Long queues were absent when Apple Inc. recently launched its smart watch, leading many to laud the company for its “no-wait” inventory strategy. No wait for watch at NYC flagship as Apple curbs long lines, thundered a report. That’s hogwash. Yes, a line was absent in front of the Apple store in New York but that’s because the company had shifted the “wait” elsewhere.
Instead of queuing up in front of a physical office store to buy the watch, Apple’s customers can order online or even in the store and then go home to twirl their fingers in a virtual wait for devices they’ve already purchased. Brilliant. Or foolish. Depending upon how many customers are willing to endure a prolonged wait should there emerge a gross mismatch between demand and supply in Apple’s forecast.
The most efficient electronics supply chains are supposed to avoid putting customers through this kind of “no-wait” waits – a sort of reverse illusion of waiting while being told you are not really waiting because the waiting is taking place at home. Confused? Me too. In the electronics industry, the Just-in-Time (JIT) inventory management system was designed to assure production efficiency, flexibility and timeliness while drastically reducing and possibly eliminating demand-supply mismatches and imbalances.
Of course, the electronics industry has dropped the ball many times in the past; product demands have outstripped supply, or vice versa, resulting in devastating downturns and unmanageable upturns. Over the last five years component distributors, especially, have been in the vanguard of cutting the viciousness of the industry’s boom-and-burst cycles by vigorously implementing JIT inventory systems and actively monitoring demand and supply conditions.
Distributors stock parts so customers don’t have to while implementing rapid delivery systems to guarantee delivery to OEM and contract manufacturing production facilities right on time. Many distributors often guarantee deliveries for between 24 hours and 48 hours after receiving orders. They have spent millions of dollars modernizing their warehouses to facilitate smooth order picking and packaging while developing a tighter collaborative relationship with logistics services providers.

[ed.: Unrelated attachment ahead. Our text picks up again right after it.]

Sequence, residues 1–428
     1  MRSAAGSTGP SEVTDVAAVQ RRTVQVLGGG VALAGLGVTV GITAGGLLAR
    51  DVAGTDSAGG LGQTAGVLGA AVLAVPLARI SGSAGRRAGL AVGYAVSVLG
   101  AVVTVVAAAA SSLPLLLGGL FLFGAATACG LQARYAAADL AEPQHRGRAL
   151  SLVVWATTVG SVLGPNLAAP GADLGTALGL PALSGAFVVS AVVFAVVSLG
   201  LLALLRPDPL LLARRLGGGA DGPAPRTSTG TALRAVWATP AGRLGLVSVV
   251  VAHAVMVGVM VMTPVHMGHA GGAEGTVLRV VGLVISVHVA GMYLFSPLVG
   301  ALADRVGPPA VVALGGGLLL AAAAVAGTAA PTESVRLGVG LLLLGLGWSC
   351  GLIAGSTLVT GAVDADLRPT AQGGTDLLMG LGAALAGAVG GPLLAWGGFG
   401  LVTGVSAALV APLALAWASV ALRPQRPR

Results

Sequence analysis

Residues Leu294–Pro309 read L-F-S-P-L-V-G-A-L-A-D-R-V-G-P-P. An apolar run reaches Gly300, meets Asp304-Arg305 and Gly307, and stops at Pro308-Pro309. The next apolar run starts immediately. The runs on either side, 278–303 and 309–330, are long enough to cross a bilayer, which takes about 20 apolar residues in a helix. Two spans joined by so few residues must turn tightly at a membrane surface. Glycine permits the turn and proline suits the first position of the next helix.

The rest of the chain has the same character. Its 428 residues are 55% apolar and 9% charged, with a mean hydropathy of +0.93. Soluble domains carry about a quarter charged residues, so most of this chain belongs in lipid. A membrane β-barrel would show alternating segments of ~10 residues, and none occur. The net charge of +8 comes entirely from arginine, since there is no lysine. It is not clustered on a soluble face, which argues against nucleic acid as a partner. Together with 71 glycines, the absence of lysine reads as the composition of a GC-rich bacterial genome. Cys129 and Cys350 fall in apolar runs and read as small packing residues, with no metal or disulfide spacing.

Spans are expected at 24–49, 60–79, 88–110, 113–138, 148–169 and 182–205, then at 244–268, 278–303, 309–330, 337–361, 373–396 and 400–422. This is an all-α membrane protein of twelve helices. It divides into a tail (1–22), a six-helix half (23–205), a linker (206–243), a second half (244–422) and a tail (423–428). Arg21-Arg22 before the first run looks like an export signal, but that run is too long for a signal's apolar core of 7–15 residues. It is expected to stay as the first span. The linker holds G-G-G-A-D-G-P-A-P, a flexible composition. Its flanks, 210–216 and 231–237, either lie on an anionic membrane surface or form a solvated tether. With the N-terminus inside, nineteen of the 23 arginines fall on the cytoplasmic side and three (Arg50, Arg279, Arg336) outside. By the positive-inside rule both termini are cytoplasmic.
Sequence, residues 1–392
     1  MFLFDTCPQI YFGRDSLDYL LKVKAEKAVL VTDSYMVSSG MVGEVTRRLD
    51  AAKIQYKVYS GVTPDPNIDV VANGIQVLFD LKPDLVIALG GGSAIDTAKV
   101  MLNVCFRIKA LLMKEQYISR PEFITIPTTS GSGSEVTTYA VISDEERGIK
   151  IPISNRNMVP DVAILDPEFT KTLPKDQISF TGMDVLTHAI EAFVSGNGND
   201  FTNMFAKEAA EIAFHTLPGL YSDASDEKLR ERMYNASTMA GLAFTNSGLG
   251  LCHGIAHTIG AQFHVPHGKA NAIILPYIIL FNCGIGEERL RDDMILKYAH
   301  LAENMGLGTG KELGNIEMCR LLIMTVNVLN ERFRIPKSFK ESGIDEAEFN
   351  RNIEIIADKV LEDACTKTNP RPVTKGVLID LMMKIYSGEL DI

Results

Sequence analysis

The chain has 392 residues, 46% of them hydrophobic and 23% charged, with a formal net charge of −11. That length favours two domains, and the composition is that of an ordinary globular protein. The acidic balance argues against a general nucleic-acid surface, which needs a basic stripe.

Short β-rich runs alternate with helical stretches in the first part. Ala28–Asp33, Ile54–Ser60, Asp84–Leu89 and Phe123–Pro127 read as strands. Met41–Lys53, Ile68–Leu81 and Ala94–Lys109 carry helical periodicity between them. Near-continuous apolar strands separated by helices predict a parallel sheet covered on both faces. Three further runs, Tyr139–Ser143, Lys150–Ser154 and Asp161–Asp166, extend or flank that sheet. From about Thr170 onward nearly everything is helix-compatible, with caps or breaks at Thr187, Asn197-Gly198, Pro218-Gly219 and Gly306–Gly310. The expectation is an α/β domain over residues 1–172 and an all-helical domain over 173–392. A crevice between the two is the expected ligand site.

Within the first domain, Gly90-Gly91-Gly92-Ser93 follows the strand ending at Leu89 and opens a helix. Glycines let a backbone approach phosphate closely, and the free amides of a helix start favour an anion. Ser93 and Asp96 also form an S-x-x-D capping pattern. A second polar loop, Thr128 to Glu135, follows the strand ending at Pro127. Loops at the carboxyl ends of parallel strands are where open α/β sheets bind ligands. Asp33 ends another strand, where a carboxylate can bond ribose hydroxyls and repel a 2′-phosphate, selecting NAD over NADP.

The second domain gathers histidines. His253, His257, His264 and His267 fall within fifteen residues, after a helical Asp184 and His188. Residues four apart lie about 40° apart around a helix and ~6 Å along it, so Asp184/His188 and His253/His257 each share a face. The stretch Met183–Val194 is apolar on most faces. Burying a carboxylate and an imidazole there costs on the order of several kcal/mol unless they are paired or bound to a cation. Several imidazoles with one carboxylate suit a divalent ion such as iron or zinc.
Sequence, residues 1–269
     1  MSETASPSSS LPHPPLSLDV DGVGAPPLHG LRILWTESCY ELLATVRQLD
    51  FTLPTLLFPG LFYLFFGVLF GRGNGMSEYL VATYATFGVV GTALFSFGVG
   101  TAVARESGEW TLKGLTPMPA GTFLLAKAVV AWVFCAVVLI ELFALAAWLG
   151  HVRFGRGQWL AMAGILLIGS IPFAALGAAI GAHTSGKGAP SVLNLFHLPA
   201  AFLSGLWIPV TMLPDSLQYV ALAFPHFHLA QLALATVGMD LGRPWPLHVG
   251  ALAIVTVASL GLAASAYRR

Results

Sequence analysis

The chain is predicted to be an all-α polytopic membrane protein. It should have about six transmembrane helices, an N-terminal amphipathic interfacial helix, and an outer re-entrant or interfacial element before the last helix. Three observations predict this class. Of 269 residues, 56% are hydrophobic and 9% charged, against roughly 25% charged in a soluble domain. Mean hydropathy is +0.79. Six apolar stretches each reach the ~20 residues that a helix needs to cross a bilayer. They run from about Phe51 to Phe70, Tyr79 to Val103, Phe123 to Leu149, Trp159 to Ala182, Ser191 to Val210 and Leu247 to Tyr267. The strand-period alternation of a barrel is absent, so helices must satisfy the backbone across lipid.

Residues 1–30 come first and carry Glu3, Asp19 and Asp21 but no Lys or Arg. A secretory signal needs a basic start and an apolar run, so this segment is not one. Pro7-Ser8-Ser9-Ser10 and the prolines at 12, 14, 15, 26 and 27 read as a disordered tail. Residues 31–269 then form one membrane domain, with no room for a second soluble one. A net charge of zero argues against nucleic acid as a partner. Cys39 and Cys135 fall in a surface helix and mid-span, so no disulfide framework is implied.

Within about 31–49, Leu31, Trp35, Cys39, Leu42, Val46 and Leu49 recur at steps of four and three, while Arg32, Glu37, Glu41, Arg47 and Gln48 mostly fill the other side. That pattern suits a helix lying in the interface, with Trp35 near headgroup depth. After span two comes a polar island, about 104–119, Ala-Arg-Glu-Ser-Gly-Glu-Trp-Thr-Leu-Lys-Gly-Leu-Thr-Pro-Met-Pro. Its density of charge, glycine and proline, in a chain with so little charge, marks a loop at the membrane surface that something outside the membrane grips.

Component suppliers, too, have learned to keep portions of their inventories in “work-in-process” status for easier transition as necessary to “finished goods” level, enhancing faster shipment to distributors and OEMs. The outcome of many of these actions is that the end-customer is hardly ever aware of the delicate inventory balancing actions that get finished products to them smoothly and generally when they want it.
That process remains hidden despite Apple’s latest move, which puts a new twist on order management. Apple is betting the lag time between when a product is paid for and when it is actually received by the customers won’t crimp sales of its smart watch. The projected shipment dates the company would give customers may vary widely depending upon the ability of the company’s supply chain to respond swiftly to the daily intake of new orders.
I couldn’t help thinking this emperor might just be naked. Somehow, Apple convinced its customers to patiently await delivery of the smart watch even if it takes the company weeks or months to get the device to them. “The days of waiting in line and crossing fingers for a product are over for our customers,” Angela Ahrendts, the head of Apple’s retail division who introduced the new system reportedly told employees in a leaked memo. “Tell your customers we have more availability online, and show them how easy it is to order.”
Yes, ordering online will be easier. Everything is easier online. Apple will get a better and probably more accurate insight into actual demand for its products. Of course, it may miss orders from customers who want the instant gratification that comes from getting the products when they want it rather than when the manufacturer think they should have it. Satisfying this type of customer will remain a challenge in the illusory “no-wait” world Apple has craftily created.
Bolaji Ojo is editor-in-chief and publisher of Electronics Purchasing Strategies. The views expressed in this blog are those of the author alone who promises to base his sometimes biased, possibly ignorant, occasionally irrelevant but absolutely stimulating thoughts on the subjective interpretation of verifiable facts alone. Any comments should be sent to the author at firstname.lastname@example.org.